For the US to return to the negotiating table with Pyongyang, Tillerson said, the North would have to first “give up their weapons of mass destruction. Only then will we be prepared to engage them in talks.”

Trump, who was advised by a departing President Obama that North Korea was likely to be his first national security challenge, may indeed have sent Tillerson off to Asia to advise the Chinese that the US can do things it doesn’t like if Beijing doesn’t do more to pressure Mr. Kim to give up his nuclear weapons.

The US is already deploying the THAAD missile defense system to South Korea, which China considers to be an unfriendly and destabilizing action. And US officials continue to weigh so-called secondary sanctions against Chinese banks and other entities that continue to do business with the North.

China not easily swayed

But MIT’s Dr. Walsh, who has years of experience in diplomatic efforts to address North Korea’s nuclear program, says he sees little likelihood the Chinese will buckle to US pressure.

“The question is, what costs can we impose on China that would somehow be equal in weight to their fears of having a failed nuclear state on their border?” Walsh says. “We can wag our finger at them and tell them they’d better shape up, but when it comes down to it we simply can’t threaten them into taking action.

“They already think North Korea is a big problem,” he adds, “but I think they’d take some sanctions on Chinese banks over a failed nuclear state on their border.”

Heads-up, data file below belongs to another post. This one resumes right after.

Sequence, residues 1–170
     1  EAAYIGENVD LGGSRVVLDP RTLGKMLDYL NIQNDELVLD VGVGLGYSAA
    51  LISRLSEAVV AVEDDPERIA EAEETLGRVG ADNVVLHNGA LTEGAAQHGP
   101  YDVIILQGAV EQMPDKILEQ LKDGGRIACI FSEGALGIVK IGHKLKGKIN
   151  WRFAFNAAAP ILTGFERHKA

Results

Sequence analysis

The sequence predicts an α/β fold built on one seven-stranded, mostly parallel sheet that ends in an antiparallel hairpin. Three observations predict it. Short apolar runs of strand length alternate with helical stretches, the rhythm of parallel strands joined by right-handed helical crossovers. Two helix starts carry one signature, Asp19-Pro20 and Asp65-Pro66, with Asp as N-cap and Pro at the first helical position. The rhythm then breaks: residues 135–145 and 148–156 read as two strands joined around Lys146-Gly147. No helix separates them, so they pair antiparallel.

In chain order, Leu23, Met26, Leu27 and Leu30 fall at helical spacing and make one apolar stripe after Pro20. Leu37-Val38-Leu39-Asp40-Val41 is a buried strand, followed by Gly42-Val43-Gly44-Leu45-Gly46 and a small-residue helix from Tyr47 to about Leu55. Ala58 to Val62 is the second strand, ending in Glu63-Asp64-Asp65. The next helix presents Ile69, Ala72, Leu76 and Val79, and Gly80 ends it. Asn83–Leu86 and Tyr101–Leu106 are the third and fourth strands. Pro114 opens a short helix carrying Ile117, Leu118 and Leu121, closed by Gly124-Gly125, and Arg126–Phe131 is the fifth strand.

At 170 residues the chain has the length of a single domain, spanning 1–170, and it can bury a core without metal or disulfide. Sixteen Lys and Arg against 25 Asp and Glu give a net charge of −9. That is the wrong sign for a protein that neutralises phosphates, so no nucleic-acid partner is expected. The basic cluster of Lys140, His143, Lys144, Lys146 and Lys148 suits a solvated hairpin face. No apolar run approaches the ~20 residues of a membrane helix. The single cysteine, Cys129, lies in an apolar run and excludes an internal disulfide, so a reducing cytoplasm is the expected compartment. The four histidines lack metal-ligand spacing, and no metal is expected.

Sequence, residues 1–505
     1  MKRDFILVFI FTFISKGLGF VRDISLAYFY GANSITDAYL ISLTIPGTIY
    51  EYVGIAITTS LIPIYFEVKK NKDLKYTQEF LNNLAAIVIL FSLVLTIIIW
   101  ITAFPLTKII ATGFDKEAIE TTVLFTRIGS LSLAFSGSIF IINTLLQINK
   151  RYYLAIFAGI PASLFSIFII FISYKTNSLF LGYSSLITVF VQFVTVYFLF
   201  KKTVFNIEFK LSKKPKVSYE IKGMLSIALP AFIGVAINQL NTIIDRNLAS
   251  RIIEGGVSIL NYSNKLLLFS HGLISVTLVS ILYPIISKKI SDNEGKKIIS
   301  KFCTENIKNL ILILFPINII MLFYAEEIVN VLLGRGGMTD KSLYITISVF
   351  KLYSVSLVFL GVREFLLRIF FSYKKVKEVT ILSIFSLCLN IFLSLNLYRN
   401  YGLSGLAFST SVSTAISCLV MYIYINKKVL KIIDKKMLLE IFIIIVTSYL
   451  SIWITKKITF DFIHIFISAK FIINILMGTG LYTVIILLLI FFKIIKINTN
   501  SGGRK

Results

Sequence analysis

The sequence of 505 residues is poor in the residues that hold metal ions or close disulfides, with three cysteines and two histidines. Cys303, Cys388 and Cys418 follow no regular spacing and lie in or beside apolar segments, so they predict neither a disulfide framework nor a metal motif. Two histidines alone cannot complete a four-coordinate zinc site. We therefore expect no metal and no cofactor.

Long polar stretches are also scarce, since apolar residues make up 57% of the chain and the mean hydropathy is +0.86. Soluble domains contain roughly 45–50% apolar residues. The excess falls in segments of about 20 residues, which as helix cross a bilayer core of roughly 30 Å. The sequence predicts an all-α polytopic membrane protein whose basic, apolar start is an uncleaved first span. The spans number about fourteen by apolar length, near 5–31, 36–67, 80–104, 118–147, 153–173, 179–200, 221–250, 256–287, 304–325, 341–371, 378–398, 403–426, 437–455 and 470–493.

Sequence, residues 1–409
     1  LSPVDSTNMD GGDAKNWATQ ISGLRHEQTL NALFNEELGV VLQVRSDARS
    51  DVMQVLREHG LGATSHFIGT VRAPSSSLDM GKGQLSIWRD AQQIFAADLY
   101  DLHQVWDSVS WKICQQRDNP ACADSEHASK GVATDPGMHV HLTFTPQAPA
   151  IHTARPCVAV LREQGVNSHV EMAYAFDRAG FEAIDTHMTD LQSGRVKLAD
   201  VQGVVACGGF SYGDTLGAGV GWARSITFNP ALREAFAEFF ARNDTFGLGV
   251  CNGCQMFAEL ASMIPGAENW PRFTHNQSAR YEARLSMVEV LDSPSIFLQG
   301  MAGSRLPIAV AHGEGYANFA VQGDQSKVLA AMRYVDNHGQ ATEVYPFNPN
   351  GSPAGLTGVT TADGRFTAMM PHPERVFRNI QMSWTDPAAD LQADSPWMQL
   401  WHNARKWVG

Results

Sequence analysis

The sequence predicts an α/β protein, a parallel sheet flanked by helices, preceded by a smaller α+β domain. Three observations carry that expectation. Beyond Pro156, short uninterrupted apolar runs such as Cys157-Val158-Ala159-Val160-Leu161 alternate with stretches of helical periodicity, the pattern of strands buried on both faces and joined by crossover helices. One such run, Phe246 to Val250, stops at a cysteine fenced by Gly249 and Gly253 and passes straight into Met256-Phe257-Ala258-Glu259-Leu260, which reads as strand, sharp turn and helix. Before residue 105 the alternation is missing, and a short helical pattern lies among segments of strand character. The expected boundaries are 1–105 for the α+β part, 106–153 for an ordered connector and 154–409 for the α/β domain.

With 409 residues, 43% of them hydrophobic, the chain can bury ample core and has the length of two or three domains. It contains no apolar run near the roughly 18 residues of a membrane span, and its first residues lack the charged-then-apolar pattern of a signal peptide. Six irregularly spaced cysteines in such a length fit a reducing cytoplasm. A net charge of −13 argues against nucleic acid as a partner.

Others agree, saying China is unlikely to deviate from its position that the ball at this point is in the US’s court – to play ball with Pyongyang, not to bomb it.

“The Chinese will express their dissatisfaction with North Korea to Tillerson, but in the end they will simply repeat their views and their refusal to change their approach as a result of the North’s behavior,” says David Lampton, director of China studies at the Johns Hopkins School of Advanced International Studies in Washington.

“They will state once again and for the new administration that the major problem is the US unwillingness to negotiate [with Pyongyang],” he says – “and they will repeat their view as to the undesirability of applying military force to North Korea.”

Military consequences

Not that anyone is portraying military action against the North as a cakewalk. Virtually no one believes the US or anyone else could mount a surprise attack on the North that could take out its nuclear and missile installations while also preempting counterattacks. Most experts assume that at least part of Seoul, the South Korean capital, would be devastated by artillery and other reprisals, while the 25,000 US troops in South Korea would surely be targeted.

On the other hand, doing nothing while the North perfects an ICBM capable of reaching the continental US doesn’t seem to be an option, either.